Updated 1:30 p.m.
Republican Mississippi Gov. Haley Barbour responded Tuesday to the furor over his remarks in The Weekly Standard that life during the Civil Rights era in Mississippi wasn't "that bad" and his apparent suggestion that the pro-segregation Citizens Council was a force for good in his home town of Yazoo City. His statement:
When asked why my hometown in Mississippi did not suffer the same racial violence when I was a young man that accompanied other towns' integration efforts, I accurately said the community leadership wouldn't tolerate it and helped prevent violence there. My point was my town rejected the Ku Klux Klan, but nobody should construe that to mean I think the town leadership were saints, either. Their vehicle, called the 'Citizens Council,' is totally indefensible, as is segregation. It was a difficult and painful era for Mississippi, the rest of the country, and especially African Americans who were persecuted in that time.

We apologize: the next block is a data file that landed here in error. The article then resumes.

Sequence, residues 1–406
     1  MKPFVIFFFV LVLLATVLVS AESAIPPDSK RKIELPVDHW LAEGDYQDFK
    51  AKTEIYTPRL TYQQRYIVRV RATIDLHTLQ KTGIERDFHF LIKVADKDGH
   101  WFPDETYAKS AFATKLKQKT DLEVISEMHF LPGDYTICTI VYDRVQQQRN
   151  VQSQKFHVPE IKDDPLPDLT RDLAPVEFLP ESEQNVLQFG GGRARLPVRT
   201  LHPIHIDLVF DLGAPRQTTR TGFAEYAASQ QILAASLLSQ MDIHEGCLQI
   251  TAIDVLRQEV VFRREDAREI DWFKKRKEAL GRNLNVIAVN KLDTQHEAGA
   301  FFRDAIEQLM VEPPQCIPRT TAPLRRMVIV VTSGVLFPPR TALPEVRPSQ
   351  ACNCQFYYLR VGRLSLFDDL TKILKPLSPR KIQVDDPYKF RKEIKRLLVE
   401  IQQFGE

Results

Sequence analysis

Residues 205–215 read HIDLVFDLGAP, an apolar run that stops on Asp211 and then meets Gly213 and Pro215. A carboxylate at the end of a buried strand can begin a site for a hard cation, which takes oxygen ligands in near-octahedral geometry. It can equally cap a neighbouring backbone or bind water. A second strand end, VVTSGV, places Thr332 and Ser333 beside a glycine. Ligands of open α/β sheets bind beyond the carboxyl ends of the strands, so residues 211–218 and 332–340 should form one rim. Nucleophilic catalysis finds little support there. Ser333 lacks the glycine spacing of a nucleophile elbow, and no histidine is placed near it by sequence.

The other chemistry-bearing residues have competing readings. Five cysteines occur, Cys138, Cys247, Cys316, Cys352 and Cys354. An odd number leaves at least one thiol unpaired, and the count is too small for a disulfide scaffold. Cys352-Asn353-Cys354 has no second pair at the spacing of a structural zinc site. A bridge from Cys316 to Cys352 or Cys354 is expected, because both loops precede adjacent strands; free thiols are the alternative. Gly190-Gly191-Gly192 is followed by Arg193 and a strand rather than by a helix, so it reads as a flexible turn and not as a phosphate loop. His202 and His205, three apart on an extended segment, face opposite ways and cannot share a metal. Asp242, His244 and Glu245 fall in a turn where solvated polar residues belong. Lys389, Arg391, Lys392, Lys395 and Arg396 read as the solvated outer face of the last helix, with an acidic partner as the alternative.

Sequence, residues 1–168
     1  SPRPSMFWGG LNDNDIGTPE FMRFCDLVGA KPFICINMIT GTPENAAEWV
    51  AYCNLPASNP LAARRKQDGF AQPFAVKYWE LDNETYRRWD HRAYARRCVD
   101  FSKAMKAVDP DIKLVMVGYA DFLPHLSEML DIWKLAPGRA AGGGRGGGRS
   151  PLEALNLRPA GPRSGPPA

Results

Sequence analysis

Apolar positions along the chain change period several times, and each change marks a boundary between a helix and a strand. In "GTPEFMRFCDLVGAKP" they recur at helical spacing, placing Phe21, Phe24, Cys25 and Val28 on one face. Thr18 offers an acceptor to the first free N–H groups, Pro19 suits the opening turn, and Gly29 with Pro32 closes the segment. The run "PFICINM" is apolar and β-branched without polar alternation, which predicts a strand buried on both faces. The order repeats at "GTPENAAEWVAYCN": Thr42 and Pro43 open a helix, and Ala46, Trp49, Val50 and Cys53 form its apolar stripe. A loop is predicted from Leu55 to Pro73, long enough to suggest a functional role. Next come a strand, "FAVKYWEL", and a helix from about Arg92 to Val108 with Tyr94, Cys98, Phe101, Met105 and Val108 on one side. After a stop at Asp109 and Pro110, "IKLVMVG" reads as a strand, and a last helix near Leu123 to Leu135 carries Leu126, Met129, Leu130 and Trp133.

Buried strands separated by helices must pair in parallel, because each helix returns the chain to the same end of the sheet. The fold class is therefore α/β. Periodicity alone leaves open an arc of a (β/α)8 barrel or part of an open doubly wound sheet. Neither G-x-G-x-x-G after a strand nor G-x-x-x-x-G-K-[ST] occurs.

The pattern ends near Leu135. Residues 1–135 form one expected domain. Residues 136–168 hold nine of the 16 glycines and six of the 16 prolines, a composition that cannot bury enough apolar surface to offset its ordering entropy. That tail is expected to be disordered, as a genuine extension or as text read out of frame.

Whether or not the statement will be enough to quell the furor over his words or a forestall an exhaustive examination of his record of remarks on race and the civil rights struggles of African Americans in the South remains an open question.
(My gut instinct is that the answer is no -- not in this partisan environment, and not given the level of scrutiny to which all candidates are subjected during presidential campaigns, should Barbour chose to run. More likely is that the controversy will appear to die down, his Republican and Democratic opponents will begin deeper digs on his record and the history of Yazoo City, and then the controversy will re-erupt with new force and fresh details at some later moment when those diggers decide it can do more political damage to Barbour or the Republican Party as a whole.)